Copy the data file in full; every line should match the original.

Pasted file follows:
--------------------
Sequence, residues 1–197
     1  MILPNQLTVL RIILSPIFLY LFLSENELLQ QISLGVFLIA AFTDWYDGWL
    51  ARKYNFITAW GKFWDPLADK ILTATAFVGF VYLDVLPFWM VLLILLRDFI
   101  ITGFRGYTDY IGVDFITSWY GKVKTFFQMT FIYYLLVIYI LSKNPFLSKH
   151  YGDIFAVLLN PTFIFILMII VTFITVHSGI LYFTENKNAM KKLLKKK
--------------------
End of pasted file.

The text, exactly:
Sequence, residues 1–197
     1  MILPNQLTVL RIILSPIFLY LFLSENELLQ QISLGVFLIA AFTDWYDGWL
    51  ARKYNFITAW GKFWDPLADK ILTATAFVGF VYLDVLPFWM VLLILLRDFI
   101  ITGFRGYTDY IGVDFITSWY GKVKTFFQMT FIYYLLVIYI LSKNPFLSKH
   151  YGDIFAVLLN PTFIFILMII VTFITVHSGI LYFTENKNAM KKLLKKK